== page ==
16 December 2010

An Once of Prevention

Andy Lester is a Perl coder, and I loath Perl, so there has to be a good reason for me to mention him.  And that reason is a posting of his, linked from Artima, which contains the following:

This person was one of those programmers who tried for the premature optimization of saving some typing. He forgot that typing is the least of our concerns when programming. He forgot that programmer thinking time costs many orders of magnitude more than programmer typing time, and that the time spent debugging can dwarf the amount of time spent creating code.

Now, when I was young and impressionable, the notion that a developer is paid to think, and not to type, was widely accepted.  But I've certainly noted that in recent years, java perhaps the culprit, lots o typing is now the metric.  LOC rules, even if most are worthless.  Moreover, development by debugging is also normative.  Ick.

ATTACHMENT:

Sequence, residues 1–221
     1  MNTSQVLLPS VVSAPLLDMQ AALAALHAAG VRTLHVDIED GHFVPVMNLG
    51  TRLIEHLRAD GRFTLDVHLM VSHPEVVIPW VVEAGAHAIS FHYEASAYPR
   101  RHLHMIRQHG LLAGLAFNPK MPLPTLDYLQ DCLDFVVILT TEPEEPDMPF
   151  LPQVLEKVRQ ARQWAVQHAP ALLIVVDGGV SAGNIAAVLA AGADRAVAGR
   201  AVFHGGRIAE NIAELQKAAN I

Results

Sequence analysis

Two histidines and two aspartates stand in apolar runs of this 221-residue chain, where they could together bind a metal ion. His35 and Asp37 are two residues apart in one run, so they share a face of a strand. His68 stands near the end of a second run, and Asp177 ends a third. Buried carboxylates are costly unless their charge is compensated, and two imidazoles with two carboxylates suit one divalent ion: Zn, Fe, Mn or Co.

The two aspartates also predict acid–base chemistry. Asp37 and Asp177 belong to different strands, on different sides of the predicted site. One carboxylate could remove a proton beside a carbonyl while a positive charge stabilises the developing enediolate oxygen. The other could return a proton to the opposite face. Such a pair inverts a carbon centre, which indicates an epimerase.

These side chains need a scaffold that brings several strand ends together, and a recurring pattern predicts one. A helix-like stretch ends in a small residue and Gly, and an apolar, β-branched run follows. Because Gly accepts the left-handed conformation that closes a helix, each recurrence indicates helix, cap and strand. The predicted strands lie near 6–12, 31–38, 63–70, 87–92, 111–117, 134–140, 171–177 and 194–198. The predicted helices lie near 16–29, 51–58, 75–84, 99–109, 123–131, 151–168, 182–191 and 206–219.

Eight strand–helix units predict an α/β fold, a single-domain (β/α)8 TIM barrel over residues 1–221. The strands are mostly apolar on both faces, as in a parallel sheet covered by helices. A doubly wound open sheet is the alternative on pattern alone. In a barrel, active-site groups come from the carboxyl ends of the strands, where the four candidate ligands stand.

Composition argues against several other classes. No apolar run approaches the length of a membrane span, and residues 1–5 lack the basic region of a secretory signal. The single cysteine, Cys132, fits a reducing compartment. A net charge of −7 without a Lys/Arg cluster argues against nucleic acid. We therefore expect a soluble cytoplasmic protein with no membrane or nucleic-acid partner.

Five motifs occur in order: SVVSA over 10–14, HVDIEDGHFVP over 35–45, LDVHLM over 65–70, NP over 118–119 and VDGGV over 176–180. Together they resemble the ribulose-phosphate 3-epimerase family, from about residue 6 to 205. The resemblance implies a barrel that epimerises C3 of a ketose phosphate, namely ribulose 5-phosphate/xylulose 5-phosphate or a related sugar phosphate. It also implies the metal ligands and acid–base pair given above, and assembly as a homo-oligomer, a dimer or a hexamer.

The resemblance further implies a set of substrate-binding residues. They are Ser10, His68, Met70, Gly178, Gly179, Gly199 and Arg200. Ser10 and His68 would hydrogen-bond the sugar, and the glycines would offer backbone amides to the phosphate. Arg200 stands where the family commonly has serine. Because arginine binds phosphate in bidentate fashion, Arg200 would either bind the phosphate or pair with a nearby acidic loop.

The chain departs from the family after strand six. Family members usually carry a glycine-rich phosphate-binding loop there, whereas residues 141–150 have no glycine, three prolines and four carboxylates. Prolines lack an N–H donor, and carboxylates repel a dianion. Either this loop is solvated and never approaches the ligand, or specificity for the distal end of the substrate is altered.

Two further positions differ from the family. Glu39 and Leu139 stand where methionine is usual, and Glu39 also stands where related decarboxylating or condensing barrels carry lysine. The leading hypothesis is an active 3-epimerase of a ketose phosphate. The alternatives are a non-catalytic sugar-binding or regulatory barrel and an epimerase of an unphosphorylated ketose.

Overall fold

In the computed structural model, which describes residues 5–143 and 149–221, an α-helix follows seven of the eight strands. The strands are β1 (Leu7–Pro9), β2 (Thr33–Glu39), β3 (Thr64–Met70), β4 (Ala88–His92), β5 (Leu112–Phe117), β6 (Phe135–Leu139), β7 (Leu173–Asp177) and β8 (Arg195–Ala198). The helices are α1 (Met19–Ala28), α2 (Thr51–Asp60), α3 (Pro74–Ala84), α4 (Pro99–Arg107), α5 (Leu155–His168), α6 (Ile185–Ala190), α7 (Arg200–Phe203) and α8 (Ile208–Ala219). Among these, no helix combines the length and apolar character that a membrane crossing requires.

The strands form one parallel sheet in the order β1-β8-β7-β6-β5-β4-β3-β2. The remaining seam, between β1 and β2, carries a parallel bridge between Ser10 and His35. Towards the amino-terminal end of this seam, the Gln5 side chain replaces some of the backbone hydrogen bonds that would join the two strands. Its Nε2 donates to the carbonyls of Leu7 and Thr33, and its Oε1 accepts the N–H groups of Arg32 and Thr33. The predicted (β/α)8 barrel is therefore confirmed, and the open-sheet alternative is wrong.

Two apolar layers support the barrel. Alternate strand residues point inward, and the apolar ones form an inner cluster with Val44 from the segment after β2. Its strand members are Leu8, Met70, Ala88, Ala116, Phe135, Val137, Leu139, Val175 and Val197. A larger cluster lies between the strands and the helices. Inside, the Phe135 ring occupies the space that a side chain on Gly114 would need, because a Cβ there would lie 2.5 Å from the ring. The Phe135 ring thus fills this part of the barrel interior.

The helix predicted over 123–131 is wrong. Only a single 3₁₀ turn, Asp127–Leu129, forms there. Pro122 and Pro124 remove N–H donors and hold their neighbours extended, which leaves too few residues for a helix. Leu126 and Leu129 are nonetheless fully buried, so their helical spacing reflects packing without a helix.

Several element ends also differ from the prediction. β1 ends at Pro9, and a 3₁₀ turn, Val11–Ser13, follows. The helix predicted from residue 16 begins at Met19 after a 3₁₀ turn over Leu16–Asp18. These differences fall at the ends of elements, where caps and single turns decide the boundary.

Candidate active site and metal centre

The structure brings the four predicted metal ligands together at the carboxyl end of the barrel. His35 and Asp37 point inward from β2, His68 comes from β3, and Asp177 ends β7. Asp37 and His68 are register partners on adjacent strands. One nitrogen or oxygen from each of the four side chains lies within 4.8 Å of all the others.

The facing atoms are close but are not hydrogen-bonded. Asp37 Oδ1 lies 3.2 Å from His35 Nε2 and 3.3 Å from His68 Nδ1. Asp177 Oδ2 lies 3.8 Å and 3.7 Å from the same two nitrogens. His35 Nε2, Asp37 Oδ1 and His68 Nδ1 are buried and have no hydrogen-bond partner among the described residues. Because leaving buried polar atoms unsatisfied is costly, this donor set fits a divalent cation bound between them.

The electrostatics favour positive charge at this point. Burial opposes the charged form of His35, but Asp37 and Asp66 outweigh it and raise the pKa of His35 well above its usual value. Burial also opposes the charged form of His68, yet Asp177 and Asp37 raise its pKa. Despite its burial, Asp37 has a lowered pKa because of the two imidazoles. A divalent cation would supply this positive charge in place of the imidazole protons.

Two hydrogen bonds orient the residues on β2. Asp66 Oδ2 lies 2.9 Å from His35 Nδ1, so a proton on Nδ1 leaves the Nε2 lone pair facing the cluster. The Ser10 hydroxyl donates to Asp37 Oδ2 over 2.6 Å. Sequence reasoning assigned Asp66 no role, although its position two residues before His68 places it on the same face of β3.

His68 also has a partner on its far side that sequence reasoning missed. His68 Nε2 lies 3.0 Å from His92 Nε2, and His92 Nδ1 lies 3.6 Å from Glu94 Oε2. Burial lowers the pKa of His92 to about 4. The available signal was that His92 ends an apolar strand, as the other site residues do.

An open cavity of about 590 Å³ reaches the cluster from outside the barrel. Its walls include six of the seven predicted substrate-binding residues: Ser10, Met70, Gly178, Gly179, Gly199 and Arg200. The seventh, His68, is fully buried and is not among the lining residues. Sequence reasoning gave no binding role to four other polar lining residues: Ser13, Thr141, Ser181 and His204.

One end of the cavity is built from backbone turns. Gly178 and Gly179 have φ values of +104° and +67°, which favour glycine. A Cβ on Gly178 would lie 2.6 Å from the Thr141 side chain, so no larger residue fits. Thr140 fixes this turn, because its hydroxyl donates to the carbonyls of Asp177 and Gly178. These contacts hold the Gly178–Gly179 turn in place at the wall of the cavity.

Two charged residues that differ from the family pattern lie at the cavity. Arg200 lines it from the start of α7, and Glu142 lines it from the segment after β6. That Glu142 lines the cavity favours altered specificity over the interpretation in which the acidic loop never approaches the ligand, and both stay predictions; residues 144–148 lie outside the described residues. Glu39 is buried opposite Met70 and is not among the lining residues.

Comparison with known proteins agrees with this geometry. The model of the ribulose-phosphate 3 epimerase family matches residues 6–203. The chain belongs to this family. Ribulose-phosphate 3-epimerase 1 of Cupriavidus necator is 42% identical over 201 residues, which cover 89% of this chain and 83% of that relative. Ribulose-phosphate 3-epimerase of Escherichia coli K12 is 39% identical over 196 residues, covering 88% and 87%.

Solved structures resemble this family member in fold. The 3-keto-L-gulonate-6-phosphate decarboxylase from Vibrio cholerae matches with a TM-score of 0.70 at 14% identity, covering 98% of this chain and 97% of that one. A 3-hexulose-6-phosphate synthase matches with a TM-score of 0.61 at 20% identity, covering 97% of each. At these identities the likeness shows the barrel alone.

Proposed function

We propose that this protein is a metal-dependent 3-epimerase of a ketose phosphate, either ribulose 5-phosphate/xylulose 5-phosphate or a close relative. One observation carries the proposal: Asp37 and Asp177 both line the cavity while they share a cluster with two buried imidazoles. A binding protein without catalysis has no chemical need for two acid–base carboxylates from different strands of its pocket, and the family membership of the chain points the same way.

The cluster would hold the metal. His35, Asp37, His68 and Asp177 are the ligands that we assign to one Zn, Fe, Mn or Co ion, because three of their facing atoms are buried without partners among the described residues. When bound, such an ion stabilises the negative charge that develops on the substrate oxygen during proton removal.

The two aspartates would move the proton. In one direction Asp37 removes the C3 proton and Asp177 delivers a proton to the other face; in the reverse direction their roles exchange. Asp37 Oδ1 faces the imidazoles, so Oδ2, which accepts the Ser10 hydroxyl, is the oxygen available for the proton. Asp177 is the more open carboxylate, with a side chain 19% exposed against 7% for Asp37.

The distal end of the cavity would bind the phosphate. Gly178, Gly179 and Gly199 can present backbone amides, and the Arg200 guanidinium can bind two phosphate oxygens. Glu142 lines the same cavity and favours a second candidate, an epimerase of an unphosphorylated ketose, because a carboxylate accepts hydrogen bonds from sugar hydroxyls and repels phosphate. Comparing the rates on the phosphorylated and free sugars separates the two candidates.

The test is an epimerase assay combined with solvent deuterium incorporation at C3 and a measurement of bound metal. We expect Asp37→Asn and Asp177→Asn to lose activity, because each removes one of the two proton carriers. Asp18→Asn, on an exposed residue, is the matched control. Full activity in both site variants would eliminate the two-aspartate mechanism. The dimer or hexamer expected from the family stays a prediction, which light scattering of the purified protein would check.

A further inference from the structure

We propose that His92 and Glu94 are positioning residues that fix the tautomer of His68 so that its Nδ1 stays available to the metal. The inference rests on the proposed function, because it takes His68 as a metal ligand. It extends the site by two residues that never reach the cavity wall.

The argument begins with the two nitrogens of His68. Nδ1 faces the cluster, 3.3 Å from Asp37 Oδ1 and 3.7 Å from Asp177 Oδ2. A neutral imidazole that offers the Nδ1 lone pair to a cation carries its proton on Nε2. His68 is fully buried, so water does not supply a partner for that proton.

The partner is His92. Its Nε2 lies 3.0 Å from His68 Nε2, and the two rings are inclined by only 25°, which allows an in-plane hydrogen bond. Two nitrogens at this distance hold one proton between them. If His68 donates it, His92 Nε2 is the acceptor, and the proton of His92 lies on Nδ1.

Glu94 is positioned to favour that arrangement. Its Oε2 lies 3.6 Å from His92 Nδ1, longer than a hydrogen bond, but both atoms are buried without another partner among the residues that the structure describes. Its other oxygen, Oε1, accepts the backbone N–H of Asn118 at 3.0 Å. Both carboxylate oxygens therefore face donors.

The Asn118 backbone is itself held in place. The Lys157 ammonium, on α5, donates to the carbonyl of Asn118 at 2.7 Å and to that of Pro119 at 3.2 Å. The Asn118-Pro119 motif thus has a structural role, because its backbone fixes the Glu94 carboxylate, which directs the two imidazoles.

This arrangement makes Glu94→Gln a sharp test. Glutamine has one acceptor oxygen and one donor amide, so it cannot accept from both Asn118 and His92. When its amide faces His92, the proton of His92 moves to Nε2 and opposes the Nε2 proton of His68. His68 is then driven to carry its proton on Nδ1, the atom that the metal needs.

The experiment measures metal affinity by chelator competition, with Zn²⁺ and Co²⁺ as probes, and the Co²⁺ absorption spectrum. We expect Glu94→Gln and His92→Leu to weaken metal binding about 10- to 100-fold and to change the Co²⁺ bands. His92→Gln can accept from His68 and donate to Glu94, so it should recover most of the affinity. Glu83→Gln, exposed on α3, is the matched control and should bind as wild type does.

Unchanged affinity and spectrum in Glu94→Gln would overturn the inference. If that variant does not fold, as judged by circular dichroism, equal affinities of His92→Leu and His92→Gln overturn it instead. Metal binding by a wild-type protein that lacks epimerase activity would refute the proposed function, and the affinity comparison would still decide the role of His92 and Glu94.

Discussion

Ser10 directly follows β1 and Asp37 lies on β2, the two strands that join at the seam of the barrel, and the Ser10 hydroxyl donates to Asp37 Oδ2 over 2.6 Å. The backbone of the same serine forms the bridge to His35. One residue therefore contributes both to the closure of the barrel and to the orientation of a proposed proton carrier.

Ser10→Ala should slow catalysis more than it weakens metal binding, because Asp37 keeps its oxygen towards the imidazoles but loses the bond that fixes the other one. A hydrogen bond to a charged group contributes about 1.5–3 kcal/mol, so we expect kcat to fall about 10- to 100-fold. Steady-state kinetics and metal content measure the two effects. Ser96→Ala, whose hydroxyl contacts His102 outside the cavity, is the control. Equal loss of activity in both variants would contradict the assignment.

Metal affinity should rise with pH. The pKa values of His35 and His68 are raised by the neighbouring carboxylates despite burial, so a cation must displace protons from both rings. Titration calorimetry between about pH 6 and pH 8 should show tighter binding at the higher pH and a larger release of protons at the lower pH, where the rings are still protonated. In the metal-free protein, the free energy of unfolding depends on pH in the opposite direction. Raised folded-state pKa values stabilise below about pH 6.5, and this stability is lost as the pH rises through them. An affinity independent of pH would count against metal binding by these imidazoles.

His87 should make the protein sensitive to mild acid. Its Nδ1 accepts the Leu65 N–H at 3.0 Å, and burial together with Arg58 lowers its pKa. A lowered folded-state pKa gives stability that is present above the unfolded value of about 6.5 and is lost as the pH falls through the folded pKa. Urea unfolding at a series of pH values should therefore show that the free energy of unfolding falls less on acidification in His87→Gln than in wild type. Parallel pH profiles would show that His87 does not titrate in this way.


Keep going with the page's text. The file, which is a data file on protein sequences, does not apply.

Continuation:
What might this have to do with the point of this endeavor, you may be asking?  Simply that declarative data is so much lazier than typing, and that a BCNF schema is easy to modify (since there aren't covariances to worry about).  It does require some forethought, what Spolsky calls BDUF (you should look it up, if it's foreign), but that forethought isn't carved in stone, rather a strategic battle plan which permits many tactics.  The "Agile" meme appears to have eaten its children, in that its zealots really, really do believe that all projects can be built from daily hacks by masses of coders.  Ick; double Ick. 

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